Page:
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brachial plexus emerging from interscalene triangle
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1. Damage to the upper root of the brachial plexus (C5-C6), occurring during movements where the head and shoulder are pulled apart, may result in Erb-Duchenne syndrome. If this occurs the person will be unable to abduct and laterally rotate the shoulder and flex the elbow, and also experience weakness when attempting to supinate the forearm. The resulting position of the upper limb is limp at the side with the elbow extended, arm medially rotated, and the forearm pronated – the so-called “waiter’s tip.” The 2 nerves affected by Erb-Duchenne syndrome are the suprascapular nerve (off the superior trunk) and the musculocutaneous nerve (C5-C7).

2. Damage to the lower root (C8-T1) of the brachial plexus may result in Klumpke syndrome and typically occurs with strong upward traction of the upper limb. Motions of the wrist and hand are affected due to paralysis of the muscles of the forearm and hand innervated by the ulnar nerve, as well as paralysis of intrinsic hand muscles and the FDP (flexor digitorum profundus) innervated by the median nerve.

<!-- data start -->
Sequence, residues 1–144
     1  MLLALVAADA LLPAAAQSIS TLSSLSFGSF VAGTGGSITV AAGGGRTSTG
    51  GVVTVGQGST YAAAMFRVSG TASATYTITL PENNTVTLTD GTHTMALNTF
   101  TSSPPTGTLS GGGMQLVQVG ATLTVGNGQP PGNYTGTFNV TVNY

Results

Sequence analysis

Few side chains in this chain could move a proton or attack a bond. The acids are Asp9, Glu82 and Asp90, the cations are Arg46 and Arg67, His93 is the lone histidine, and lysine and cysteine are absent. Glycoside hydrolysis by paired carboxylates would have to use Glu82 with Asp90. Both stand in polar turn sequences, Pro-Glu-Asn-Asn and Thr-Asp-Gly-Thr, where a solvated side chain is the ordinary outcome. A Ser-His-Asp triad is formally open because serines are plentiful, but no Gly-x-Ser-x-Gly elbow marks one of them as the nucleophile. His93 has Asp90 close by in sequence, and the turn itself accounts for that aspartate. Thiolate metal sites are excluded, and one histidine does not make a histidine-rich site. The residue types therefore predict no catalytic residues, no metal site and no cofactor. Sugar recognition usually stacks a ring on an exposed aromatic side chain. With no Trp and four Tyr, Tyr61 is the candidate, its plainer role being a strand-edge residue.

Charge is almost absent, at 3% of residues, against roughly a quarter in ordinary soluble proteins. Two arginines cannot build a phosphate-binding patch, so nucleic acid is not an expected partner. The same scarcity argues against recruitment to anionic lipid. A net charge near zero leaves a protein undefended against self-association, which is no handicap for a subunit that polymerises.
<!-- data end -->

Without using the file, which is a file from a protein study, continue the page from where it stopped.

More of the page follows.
3. Pancoast syndrome can occur when a tumor (Pancoast tumor) develops in the apex of the lung (especially the posterior portion) and compresses the lower trunk of the brachial plexus or the T1 sympathetic ganglion (or stellate ganglion). This results in pain, numbness, and weakness in the areas innervated by these structures. Horner’s syndrome-like symptoms can also be observed approximately 20% of the time (ipsilateral ptosis, miosis, anhidrosis, etc.).
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